peachboy

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About peachboy

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    Bristol UK
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  1. Thanks for posting. Never heard of this guy before. Very good.
  2. First, start with the logical certainty that unconsciousness cannot manifest in the first-person. There is no such thing as first-person unconsciousness. In the absence of first-person unconsciousness, all that remains is first-person consciousness. Or in other words, there can never be a moment when you're not having an experience. All that can change is the nature of that experience. That is true without end, and without beginning, and transcendental of time. It is simply not possible to experience a lack of experience. So when it comes to understanding who you are, there are clearly two parts: a part that is eternally constant, and a part that has the potential to change. The question is, which part should you identify with? The entire definition of identity is predicated on a constant, as there is no such thing as variable identity. Therefore, when looking for a true identity, it makes no sense to identify with anything other than a constant, and in this case the constant is the constant nature of your consciousness. Therefore the two parts of your being can be expressed in terms of both identity and state. Your identity is your eternal consciousness, and your current state is the particular incarnation of experience presently being experienced (commonly and erroneously known as personal identity). Clearly, given that consciousness is eternal, the nature of your true identity is eternal. Or in other words, your true age is infinity. You have never not existed. For that reason, there is no need for a creator. Consciousness doesn't have to be created by anything, simply because it is fundamental. It has no opposite. Death is merely the opposite of birth, not the opposite of life. Science and religion often makes the mistake of assuming that something came from nothing, but in reality there is no such thing as nothing, as there is always consciousness which has the imaginative potential to manifest anything. Consequently the starting proposition is false: Nothingness is not fundamental. Everythingness is fundamental. That is to say, you start with everything and simply work backwards. Life is an exercise in subtractive synthesis. We are not creating stuff, we are simply filtering stuff out. We start with an infinite block of clay (everythingness) and filter and filter and filter until we have a clay figurine. When the clay figurine dies, the clay does not turn back into nothing, but rather the surrounding nothing, turns back into clay. Comprehend all of that, and then just simply substitute the word Consciousness for the word God, and your Grandad's good to go.
  3. 1. God wants to go on vacation from being God. 2. God realises such a vacation implies ignorance. 3. God (worried about becoming eternally ignorant) imagines a fail safe mechanism for a safe return home. 4. God also realises God could realise God is God while ignorant. 5. God (worried about realising God is God while ignorant) imagines a fail safe mechanism for a stable existence on vacation. 6. God invents brain. 7. Hitler invades Poland.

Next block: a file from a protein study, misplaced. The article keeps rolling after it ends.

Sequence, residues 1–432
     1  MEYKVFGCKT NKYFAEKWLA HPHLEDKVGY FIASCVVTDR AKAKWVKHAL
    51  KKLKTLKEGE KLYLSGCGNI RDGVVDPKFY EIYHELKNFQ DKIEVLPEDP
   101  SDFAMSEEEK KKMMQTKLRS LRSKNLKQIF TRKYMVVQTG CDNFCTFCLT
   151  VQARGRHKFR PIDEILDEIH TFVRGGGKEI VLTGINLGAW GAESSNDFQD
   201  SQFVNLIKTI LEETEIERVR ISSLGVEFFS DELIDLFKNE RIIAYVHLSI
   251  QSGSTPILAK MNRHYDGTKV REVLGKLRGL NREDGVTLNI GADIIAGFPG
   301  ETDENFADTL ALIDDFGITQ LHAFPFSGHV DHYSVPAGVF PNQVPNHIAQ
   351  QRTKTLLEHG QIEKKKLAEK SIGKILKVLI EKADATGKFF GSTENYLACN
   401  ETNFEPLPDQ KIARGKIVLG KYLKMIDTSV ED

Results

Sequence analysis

4. A MAN WALKS INTO A DOCTOR'S OFFICE DOCTOR: "How can I help you today?" MAN: "I keep forgetting I'm God." DOCTOR: ...
  5. Never alone, merely all-one.
  6. Thanks guys. Really appreciate the responses. Yep. If life has a meaning then it's right there in that sentence. I agree. It seems these days like we're standing on the precipice of a nightmare. Definitely time to reign it back a little.
  7. Could someone post the name of the video and channel so I could look it up? The link is null for me.
  8. Philosophical Reflections on PacMan From Hebrew, Satan is defined as adversary, foe or antagonist. In a game, there is no functionality without counterpoint. A game cannot exist without an antagonist. In the game of Pac-Man, there are three antagonists:- 1. The multi-coloured ghosts that chase the protagonist. 2. The maze, of which the protagonist is prisoner that restricts movement to certain dimensions. 3. The rules, which stipulate all dots need to be eaten before the protagonist can transcend. The conflict between protagonist and antagonist implies destruction of one or the other. Yet if we remove the antagonist, as per the convictions of the protagonist, the game collapses. Let's start with the removal of the first antagonist - the multi-coloured ghosts. Absent the chase, the protagonist is now able to traverse the maze at a leisurely pace. Still though, it remains a prisoner of the maze and is bound by the rules that pertain to ascension. Next then, we remove the second antagonist - the maze itself. With the maze gone, the environment is but a black-screen full of dots. The protagonist is no longer limited to horizontal / vertical movements and has the option of diagonal and even circular movements. Yet the protagonist is still bound by the rules that require eating up of all the dots. Finally therefore, we remove the last antagonist. The protagonist is no longer bound by the burden of having to eat all of the dots. In fact, the protagonist no longer has to eat any of the dots. With all antagonists now gone, a coin is inserted into the slot. A title appears that reads “Welcome to Pacman” which is then immediately followed by a second message: “Congratulations, you won the game.” The screen goes blank and the game ends. Clearly, that would be a commercial disaster. Herein lies the paradox of the game they call life. On the surface the protagonist seeks the destruction of the antagonist. Yet without an antagonist we would simply drift back into omniscience and the game of non-omniscience would surely end. If destruction of the antagonist occurs as a result of a competent player the result is the same. The predictability of winning marks the end. Conversely, if the antagonist becomes too competent for the protagonist, again the game collapses. The dream turns into a nightmare and the protagonists wakes. Therefore, as in the case of Pac-man the sweet spot of non-omniscient stability is found at the point where the protagonist and the antagonist is a perfect match. Anything other than that and you'll find yourself back home in non-duality.